10. Version 3


    In the grimdark future of the Warhammer 40K universe space marines wear incredibly advanced power armour (the developers are British, so I have retained their proper spelling). These are precious, specially-fitted devices that are practically an extension of the marine himself -- the Black Carapace organ, when implanted, provides a neural link with the "machine spirit" of the armour, making it an extension of the wearer. The Deathwatch rulebook contains additional options which have been converted as well. This package contains the prefab, and an armor card.
  11. Version 2


    In the grimdark future of the Warhammer 40K universe space marines are subjected to an intense series of modifications to make them into the premiere "human" warriors. These modifications include the implantation of genetically-engineered organs to give them superhuman abilities. This package includes a prefab file and a version in standard "package deal" format.
  12. Darklands Alchemy

    Version 1


    The 1992 computer game Darklands had an interesting alchemy system. This prefab replicates that system tor Fantasy Hero, using the Alternate Enchanted Item Creation Rules from page 320 of the Fantasy Hero 6E book. The package contains the prefab file, an alchemy document (giving real point costs, Alchemy Skill roll modifications, and Long Term END costs for all of the formulas) and a potions document (giving the effects of each potion, price and weight). In a game adhering closely to Darklands, only one or two potions should be for sale in any given city.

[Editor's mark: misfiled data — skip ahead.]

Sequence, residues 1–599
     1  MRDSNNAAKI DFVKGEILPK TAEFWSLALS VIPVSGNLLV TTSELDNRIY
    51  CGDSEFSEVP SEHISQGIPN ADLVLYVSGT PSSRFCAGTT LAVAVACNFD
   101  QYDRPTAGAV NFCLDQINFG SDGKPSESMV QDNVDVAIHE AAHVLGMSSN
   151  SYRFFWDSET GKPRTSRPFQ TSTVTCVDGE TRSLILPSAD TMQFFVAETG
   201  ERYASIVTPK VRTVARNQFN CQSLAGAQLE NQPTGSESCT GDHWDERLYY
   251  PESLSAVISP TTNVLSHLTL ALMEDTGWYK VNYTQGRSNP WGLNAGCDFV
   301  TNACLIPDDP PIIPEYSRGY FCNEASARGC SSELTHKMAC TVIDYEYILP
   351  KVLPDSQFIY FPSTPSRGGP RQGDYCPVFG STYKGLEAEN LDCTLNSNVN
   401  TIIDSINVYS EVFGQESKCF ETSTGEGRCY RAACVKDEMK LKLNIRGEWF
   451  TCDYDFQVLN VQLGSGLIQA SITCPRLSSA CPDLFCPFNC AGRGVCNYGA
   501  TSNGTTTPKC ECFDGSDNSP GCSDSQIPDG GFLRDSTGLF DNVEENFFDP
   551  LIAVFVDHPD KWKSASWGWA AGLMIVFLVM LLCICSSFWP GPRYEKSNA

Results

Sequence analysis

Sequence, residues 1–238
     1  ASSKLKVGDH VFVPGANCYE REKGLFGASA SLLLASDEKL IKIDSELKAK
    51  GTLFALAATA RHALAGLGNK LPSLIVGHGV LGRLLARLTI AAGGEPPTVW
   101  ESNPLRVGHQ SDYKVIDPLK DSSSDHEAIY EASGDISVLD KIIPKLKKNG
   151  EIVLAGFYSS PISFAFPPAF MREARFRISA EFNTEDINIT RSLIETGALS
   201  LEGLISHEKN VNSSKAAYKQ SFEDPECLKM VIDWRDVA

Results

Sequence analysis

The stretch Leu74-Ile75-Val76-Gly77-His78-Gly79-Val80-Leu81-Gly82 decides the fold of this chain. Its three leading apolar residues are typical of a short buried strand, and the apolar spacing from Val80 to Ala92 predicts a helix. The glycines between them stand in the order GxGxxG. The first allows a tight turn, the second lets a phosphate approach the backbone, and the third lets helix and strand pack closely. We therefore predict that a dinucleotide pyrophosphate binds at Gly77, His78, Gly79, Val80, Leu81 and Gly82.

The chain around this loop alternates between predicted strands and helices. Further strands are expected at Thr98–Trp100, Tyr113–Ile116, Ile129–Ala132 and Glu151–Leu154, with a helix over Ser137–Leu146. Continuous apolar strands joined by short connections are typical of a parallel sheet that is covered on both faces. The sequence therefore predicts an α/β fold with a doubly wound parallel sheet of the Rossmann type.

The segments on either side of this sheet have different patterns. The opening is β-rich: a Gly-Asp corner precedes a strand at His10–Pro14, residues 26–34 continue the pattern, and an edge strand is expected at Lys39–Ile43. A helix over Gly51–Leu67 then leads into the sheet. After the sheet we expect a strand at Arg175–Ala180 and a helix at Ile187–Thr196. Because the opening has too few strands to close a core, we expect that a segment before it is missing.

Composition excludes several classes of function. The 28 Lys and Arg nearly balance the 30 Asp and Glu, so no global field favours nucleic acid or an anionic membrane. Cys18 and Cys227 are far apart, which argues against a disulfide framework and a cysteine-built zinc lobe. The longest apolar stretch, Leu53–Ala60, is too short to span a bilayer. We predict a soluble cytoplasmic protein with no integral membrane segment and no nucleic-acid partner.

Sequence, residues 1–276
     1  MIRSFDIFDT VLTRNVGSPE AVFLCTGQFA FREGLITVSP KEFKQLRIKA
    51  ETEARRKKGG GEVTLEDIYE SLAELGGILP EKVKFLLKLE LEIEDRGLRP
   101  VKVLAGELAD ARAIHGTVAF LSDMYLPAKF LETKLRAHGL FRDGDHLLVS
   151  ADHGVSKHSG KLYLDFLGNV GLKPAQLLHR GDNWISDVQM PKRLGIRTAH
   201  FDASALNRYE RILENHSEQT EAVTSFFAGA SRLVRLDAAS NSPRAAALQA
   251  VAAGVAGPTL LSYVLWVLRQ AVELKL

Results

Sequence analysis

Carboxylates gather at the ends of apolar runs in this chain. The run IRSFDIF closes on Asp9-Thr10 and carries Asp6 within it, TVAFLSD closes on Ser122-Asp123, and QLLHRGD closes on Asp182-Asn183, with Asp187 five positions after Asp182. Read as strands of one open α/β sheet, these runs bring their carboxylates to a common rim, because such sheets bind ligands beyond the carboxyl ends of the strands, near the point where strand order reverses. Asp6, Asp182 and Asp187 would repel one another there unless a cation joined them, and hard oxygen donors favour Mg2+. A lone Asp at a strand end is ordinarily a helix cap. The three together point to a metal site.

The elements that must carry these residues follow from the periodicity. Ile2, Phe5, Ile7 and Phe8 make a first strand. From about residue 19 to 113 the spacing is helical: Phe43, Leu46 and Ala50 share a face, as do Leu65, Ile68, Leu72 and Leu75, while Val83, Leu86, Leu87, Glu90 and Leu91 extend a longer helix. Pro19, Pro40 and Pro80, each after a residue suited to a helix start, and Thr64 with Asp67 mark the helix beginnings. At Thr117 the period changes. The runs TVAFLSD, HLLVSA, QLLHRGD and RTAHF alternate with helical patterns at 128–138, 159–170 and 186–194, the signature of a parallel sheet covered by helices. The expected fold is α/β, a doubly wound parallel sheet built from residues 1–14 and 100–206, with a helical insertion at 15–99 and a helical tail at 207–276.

13. Talislanta Hero - Dryad Bush

    Version 1


    This graceful variety of flowering shrub is found primarily in Astar of the Seven Kingdoms. Late at night, dryad bushes undergo an uncanny metamorphosis, becoming beautiful green forest nymphs. The transformation lasts only until dawn, after which the nymphs return to plant-form. The esteemed botanomancer, Viridian, once professed to have been married to a forest nymph, whom he saw only between the hours of sunset and sunrise. The pdf has both the bush and nymph forms.
  14. Version 1


    Equs are a hybrid of mammal and reptile prized as steeds throughout the continent. They are quite intelligent, and have their own language, called equan. Some few are even able to speak the languages of humanoids, though a natural tendency toward secrecy forbids most equs from boasting of this ability. In the wild, they travel in herds of up to about sixty individuals. There are four sub-species of equs: the common and reliable graymane; the swifter but less durable silvermane; snowmanes, built to endure frigid climes and sure-footed on ice or snow; and coal-black darkmanes, aggressive and spiteful creatures who often attack other equs on sight.